two ships, but the time had now arrived when they were
to begin their sea lives.

*'Punjaub" takes the 10th Hussars to the

In the winter of 1854 orders came out from home
for the 10th Hussars and 12th Lancers to go to the
Crimea. They were badly wanted as reinforcements in
the struggle before Sebastopol, and the quickest
possible despatch was urged.

To the Punjaub was assigned the honour of carrying
the Colonel and nearly half the 10th Hussars.

In six days she was fitted with stalls for 250 horses:
and on the 9th January, 1855, she sailed for Suez with
the steam frigate Auckland, steam sloop Victoria and
sailing transport Sultana with the rest of the regiment
and their horses.

On the 21st February, the Queen, Precursor, Earl oj
Clare, Earl Grey and Jessica embarked part of the 12th
Lancers at Bombay and also sailed for Suez. The
rest of the 12th were picked up at Mangalore by the
Assaye and Semiramis; the Assaye, however, broke
down, and had to tranship her men on to the

On the passage to Suez the Punjaub first gave a taste
of her sailing powers; and so superior did she prove
herself to her consorts that though she put out her
fires and lowered her topsails on the cap whilst they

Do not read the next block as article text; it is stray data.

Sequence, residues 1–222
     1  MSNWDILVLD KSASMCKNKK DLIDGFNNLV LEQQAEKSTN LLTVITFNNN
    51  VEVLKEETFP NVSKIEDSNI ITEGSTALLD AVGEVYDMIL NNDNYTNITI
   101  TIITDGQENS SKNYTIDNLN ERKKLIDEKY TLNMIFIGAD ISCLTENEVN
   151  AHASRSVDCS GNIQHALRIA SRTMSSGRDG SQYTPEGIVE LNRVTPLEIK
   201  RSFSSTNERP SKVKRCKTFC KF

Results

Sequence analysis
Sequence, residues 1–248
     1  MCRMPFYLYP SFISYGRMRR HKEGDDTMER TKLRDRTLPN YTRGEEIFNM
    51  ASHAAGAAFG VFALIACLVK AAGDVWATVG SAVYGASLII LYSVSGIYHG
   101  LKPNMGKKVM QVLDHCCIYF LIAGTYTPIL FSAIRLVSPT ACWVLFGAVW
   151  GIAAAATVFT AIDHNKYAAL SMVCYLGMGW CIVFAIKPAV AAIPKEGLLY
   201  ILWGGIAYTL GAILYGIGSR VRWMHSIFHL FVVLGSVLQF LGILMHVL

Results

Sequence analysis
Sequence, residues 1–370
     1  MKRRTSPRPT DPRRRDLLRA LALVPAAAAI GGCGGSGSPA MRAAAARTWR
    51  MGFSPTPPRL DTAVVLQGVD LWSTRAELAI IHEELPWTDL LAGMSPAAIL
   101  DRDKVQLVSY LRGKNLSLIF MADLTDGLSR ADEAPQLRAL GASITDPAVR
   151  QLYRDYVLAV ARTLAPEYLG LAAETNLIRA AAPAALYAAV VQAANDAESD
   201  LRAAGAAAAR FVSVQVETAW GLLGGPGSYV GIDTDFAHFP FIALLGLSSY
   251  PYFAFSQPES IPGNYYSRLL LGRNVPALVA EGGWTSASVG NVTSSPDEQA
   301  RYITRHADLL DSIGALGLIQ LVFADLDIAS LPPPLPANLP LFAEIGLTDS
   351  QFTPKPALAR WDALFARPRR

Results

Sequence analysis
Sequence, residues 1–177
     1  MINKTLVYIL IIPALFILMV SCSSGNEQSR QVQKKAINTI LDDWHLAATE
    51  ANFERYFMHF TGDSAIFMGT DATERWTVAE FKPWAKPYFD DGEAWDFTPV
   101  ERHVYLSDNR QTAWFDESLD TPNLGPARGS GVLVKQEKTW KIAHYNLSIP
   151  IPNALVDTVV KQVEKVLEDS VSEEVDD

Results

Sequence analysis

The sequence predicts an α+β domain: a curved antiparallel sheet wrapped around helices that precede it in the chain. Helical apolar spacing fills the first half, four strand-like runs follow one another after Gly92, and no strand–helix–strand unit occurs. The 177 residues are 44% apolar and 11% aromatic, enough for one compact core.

staggered along under full head of steam and press of
sail, she ran them hull down in spite of the impediment


of her great paddle boxes. Commander Young and
his first officer, Lieut. Worsley, were both in despatches
by the Governor of Bombay, for the part they played
in this important piece of transport work.

The *'Punjaub" and "Assaye" in the
Persian War.

On the return of the ships from Suez, there was a
general shift over of the commanders in the Indian Navy.

Young was transferred to the Assaye on 11th May,
1855, and a very well-known officer. Commander
Montriou, was given the Punjaub. He had hardly
taken over before he was made Master Attendant of the
Dockyard and the command of the superb frigate fell to
the luck of Lieut. Alexander Foulerton, who was made
Acting Commander.

In June, 1855, the Indian Navy commenced fitting
out a squadron for the Persian War : the fighting ships
consisted of: —

Assaye — Flagship of Rear- Admiral Sir. Henry J. Leeke, Captain

Griffith Jenkins (Captain of the Fleet). Acting-Commander

G. N. Adams.
Punjaub — Acting-Commander .\. Foulerton.
Semiramis — 1031 tons, 250 horse-power, 6 guns. Captain J. W.

Ferooz — 1450 tons, 500 horse-power, 8 guns. Commander J. Rennie.